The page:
I freaked out the other day. In fact, I freaked out a few times…all due to a chain of events within about two hours.
If you know me, you know that my freak-outs can be a bit…dramatic.
It went something like this:
- First, I answered one last email before leaving the office and made myself late for a meeting with a client
- Then, I made a pit-stop on the way home and drowned my stress in a large, highly-caloric coffee-smoothie-drink of love
- After that, I snapped at hubby when he called to tell me he was running late coming home
These moments each sent my mind spinning…to a future of various levels of misery, poverty and loneliness. I couldn’t shake the regret…the feeling that things would never be the same.
What happened to cause such overreactions? Despite the true facts, here’s what I told myself:
- My trust with my client has been irreparably broken…
- My body just put on five pounds and won’t be able to get them off…
- My husband is going to want to come home late every day just to keep away from me…
No surprise that in the end, none of this happened. The moments all passed. I made them right when needed. Everything was fine.
We do this to ourselves all the time. We make one misstep and we become sure – no, convinced – that we’ve completely blown it. We believe a single action has taken away all of our hard work, good deeds and carefully-built relationships.
Why? Because in that moment, that misstep feels huge. Because when we are living it we truly believe it’s the center of our world – and the world of everyone around us.
The truth? The one that great leaders and happy people seem to know already?
Life is one big fat stretch of time, filled to the brim with activities, successes and – yes – lots of missteps. And they almost always pass without long-term consequences once we deal with them.
To be fair, life also contains a few truly momentous occasions…rare ones that do change everything. They include things like finding/ending major relationships, having kids, getting/leaving jobs, the death of loved ones. There are also brief moments in time that have truly long-term consequences, like a serious accident or a natural disaster.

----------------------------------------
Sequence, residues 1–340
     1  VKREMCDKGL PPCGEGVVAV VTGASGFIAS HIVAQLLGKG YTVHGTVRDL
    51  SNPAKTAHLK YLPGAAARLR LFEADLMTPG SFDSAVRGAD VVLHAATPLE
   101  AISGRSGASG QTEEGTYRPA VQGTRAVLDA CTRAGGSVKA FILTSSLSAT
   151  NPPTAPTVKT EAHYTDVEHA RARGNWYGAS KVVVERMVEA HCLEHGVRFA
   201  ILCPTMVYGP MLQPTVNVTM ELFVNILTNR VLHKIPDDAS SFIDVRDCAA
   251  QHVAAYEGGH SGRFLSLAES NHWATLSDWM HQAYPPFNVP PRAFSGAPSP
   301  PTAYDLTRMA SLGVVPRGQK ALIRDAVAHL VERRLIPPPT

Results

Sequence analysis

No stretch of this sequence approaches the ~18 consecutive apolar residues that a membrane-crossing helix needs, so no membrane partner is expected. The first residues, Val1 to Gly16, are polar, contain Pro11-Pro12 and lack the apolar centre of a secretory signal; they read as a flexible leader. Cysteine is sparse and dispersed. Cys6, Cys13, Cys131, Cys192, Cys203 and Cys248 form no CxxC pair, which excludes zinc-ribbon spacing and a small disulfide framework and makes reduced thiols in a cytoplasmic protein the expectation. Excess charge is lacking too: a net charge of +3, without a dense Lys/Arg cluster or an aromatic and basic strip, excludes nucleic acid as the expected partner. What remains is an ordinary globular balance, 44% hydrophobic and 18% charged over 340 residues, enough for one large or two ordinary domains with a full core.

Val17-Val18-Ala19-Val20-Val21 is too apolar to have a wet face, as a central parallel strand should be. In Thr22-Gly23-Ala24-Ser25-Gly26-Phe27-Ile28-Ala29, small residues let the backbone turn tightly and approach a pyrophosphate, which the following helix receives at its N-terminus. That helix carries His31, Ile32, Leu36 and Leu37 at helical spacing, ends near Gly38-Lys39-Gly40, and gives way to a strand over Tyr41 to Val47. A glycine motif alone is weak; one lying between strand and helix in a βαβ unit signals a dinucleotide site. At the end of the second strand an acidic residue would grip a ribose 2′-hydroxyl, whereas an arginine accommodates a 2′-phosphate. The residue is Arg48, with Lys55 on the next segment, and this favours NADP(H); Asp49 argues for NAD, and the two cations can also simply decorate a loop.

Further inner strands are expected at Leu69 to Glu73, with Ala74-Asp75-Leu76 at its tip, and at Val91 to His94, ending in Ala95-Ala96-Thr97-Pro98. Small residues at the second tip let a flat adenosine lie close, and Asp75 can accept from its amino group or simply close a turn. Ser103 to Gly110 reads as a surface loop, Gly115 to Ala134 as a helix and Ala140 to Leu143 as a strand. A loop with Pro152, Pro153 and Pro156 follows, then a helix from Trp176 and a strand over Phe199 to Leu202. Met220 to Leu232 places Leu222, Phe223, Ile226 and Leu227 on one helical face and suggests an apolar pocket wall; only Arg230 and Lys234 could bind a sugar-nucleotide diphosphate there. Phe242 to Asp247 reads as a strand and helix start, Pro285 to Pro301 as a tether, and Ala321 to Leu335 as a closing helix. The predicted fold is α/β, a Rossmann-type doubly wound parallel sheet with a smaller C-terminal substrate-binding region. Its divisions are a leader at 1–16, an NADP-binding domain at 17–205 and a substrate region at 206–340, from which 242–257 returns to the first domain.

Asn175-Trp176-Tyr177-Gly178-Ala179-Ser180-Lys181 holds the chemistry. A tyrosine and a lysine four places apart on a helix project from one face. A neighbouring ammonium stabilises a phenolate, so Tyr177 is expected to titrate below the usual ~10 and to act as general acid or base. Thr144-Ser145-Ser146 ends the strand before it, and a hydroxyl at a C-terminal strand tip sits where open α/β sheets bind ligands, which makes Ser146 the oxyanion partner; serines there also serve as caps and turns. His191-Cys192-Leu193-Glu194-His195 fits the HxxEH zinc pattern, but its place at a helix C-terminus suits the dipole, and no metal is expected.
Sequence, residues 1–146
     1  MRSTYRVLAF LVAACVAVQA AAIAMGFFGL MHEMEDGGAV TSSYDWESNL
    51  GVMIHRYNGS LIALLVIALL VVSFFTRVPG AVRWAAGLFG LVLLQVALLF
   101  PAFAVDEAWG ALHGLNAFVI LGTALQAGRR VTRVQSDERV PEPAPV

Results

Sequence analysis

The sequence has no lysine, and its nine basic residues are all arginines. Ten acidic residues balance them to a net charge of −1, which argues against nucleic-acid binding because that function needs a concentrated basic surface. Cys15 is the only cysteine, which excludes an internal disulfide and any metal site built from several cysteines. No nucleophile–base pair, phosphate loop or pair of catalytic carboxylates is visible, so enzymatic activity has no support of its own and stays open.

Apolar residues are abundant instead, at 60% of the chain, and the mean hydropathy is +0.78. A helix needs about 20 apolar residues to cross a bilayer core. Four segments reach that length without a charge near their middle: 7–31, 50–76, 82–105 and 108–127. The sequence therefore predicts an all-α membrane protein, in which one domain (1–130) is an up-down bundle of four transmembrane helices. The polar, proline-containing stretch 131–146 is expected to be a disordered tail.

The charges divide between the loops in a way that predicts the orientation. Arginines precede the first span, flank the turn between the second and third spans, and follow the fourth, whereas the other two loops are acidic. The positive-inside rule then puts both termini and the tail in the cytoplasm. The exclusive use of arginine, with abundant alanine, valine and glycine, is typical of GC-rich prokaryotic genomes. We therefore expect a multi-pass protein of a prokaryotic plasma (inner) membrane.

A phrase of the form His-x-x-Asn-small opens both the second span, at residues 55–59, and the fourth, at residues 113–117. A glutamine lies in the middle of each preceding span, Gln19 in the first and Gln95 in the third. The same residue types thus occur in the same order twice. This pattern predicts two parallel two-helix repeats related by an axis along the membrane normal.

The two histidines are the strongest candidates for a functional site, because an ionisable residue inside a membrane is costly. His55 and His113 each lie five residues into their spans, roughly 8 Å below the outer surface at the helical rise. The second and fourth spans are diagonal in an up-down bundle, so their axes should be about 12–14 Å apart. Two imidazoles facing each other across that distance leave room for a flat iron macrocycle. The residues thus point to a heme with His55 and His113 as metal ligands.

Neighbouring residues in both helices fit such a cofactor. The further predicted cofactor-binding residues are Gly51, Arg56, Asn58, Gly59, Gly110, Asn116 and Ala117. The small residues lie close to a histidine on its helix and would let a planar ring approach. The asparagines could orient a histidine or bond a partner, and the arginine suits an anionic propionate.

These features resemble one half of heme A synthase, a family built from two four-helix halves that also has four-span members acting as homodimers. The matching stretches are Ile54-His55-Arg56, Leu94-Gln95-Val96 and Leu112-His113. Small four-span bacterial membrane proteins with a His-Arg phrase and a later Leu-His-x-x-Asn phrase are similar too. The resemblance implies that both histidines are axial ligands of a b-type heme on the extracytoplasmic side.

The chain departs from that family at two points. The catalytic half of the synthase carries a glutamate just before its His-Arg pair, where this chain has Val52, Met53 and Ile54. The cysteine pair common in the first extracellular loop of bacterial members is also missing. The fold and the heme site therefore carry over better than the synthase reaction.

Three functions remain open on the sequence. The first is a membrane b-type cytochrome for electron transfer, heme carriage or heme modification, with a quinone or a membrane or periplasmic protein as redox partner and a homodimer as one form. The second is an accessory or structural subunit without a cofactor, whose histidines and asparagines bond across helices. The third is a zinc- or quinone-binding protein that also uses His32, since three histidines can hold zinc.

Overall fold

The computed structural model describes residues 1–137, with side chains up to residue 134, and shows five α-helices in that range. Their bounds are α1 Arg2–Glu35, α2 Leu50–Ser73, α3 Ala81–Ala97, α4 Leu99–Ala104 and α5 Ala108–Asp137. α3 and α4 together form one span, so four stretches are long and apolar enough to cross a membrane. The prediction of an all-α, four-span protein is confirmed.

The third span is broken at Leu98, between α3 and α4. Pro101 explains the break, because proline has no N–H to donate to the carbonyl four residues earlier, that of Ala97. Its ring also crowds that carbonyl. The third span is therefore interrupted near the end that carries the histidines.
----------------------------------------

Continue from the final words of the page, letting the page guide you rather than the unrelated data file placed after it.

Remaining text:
The other thousands of moments? They’re all just a teensy part of our ever-continuing – sometimes messy – lives. They are ephemeral…short-lived…blips on the screen of life. And they pass.
And yet…these other moments take on a life of their own:
- We don’t get an interview for a job we want and freak out, believing we’ll be unemployed…forever
- We pay a credit card late and freak out, believing our credit will be ruined…forever
- We have a fight with a loved one and freak out, believing our relationship is changed…forever
These long-term consequences we become so convinced of? They almost never happen.
We know deep down that – for the most part – we are not defined by our many, many short-lived moments. Instead, we are defined by our patterned choices and actions over the long haul.
It’s just not about one mistake at the office (unless you report to this guy)…
Successful, happy people know it, too – so what do they do about their missteps? They make them right, learn from them, and move on. They focus on what matters.
And, they Don’t. Freak. Out.
I ask you now.
When was the last time you made a mistake at work, had an argument with a loved one, made a big purchase…and felt like nothing would ever be the same? Did you figure it out? Did it pass? How quickly?
Now, think about those life-changing moments you’ve REALLY had, when nothing REALLY was the same again. How many have there been? Ten? Maybe less?
So get some perspective. Know your triggers. Know that this moment, too, shall pass. Say it in the moment. And stop freaking out.
I’m not saying it’s easy. Especially when you’ve gotten especially good at being a freaker-outer, like me. I struggle with this all the time. But I also work on it.
In fact, I had to remember it just this morning… when I literally handed over my last dollar at lunch and had the sinking sensation that I was one step away from living on the street. As my heart skipped a beat I remembered there was an ATM around the corner, and that my account did indeed have money in it.
That’s when I stopped freaking out. And got back to enjoying life.
Stop freaking out…or at least save your freak-outs for those true, transformative milestone moments in life.
Learn to recognize just how few there are.
Then move trust this one will pass, and move forward…knowing this next one will be better.
Now go do good…and do it well.